The United States is aware of reports of a missile launch from North Korea and will continue to monitor the situation, a State Department spokesperson said Tuesday ahead of the expected resumption of denuclearization negotiations with the regime.
The response comes after South Korea's Joint Chiefs of Staff said North Korea had fired multiple unidentified projectiles into the East Sea early Wednesday (Seoul time), six days after it launched two short-range ballistic missiles into the waters.
"We are aware of reports of a missile launch from North Korea, and we will continue to monitor the situation," the spokesperson told Yonhap News Agency on condition of anonymity.
Separately, a senior U.S. government official gave the same response.
The series of launches comes as Washington has sought to restart working-level talks on dismantling the North's nuclear and ballistic missile programs, in line with an agreement reached between U.S. President Donald Trump and North Korean leader Kim Jong-un last month.
U.S. Secretary of State Mike Pompeo said Monday he hoped the discussions will resume "very soon."
Washington has remained upbeat about the prospects for talks, with Trump dismissing last week's missiles as "smaller ones" that many countries test.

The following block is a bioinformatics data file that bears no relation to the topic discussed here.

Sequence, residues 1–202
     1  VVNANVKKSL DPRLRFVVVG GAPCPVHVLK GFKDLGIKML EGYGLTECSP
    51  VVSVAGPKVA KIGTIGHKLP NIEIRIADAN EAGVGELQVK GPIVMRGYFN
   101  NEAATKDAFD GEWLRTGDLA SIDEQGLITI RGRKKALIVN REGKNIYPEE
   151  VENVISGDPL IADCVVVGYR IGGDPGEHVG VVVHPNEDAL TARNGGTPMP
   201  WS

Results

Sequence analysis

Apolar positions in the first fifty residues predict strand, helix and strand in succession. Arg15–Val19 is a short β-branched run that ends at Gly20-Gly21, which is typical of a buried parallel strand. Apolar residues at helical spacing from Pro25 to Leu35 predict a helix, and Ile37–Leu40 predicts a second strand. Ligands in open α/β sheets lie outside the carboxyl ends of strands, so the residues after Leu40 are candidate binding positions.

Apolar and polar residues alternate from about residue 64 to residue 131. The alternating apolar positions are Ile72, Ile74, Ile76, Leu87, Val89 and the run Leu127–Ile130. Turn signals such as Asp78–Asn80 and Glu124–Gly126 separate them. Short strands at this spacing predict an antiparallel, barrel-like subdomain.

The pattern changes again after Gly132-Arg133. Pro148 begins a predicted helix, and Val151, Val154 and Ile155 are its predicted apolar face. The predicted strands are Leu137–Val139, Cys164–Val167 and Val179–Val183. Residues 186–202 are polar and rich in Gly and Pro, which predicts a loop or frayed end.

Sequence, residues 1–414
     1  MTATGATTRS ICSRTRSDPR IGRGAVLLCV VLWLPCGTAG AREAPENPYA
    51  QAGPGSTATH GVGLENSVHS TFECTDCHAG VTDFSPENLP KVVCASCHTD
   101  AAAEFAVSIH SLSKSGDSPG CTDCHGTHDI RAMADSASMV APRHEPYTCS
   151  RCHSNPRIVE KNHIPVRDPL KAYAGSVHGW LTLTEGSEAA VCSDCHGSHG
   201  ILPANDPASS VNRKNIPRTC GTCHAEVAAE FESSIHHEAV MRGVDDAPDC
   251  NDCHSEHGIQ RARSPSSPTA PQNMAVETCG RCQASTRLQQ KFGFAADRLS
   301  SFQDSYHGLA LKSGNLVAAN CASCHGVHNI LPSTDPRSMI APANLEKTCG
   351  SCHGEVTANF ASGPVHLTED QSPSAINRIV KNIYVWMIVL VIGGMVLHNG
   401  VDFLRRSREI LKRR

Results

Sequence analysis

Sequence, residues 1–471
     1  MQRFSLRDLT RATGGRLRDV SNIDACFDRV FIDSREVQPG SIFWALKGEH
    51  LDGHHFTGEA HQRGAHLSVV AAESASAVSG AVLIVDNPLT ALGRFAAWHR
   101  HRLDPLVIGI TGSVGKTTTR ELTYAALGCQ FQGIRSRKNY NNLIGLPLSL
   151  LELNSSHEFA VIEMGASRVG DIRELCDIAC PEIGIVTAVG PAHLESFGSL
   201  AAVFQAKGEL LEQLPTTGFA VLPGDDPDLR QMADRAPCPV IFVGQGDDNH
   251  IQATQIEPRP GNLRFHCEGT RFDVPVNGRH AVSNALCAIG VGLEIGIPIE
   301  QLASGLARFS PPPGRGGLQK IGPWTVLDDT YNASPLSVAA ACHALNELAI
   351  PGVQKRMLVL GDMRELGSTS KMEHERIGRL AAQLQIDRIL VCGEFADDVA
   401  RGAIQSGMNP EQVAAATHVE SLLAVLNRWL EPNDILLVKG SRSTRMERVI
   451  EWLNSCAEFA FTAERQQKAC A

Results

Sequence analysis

Pompeo described the launches as a negotiating tactic that allowed the talks to move forward. While noting the U.S. commitment to diplomacy, the State Department urged North Korea to refrain from further "provocations."
It was not immediately known what type of projectile was fired Wednesday.
South Korea earlier said that last week's two projectiles were "a new kind of short-range ballistic missile" that each flew some 600 kilometers.
Experts saw them as the North's version of Russia's Iskander, a short-range, ground-to-ground ballistic missile known as the KN-23, which the regime previously test-fired in May.
U.N. Security Council resolutions ban North Korea from launching ballistic missiles. On Monday, the U.S. Treasury Department sanctioned a Vietnam-based North Korean individual for his alleged involvement in the weapons program.
Trump insisted earlier Tuesday that he has a good relationship with Kim.
"My relationship with Kim Jong-un is a very good one, as I'm sure you've seen," he told reporters at the White House. "We'll see what happens. I can't tell you what's going to happen." (Yonhap)